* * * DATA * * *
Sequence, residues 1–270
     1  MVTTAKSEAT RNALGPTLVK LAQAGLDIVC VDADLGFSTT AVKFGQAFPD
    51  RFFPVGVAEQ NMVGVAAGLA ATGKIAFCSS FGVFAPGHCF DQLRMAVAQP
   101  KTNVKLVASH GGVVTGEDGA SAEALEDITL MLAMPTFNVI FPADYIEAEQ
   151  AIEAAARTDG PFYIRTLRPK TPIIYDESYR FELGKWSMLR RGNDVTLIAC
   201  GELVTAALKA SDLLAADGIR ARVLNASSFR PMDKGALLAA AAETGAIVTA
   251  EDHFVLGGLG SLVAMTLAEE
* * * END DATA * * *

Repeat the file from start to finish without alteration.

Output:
Sequence, residues 1–270
     1  MVTTAKSEAT RNALGPTLVK LAQAGLDIVC VDADLGFSTT AVKFGQAFPD
    51  RFFPVGVAEQ NMVGVAAGLA ATGKIAFCSS FGVFAPGHCF DQLRMAVAQP
   101  KTNVKLVASH GGVVTGEDGA SAEALEDITL MLAMPTFNVI FPADYIEAEQ
   151  AIEAAARTDG PFYIRTLRPK TPIIYDESYR FELGKWSMLR RGNDVTLIAC
   201  GELVTAALKA SDLLAADGIR ARVLNASSFR PMDKGALLAA AAETGAIVTA
   251  EDHFVLGGLG SLVAMTLAEE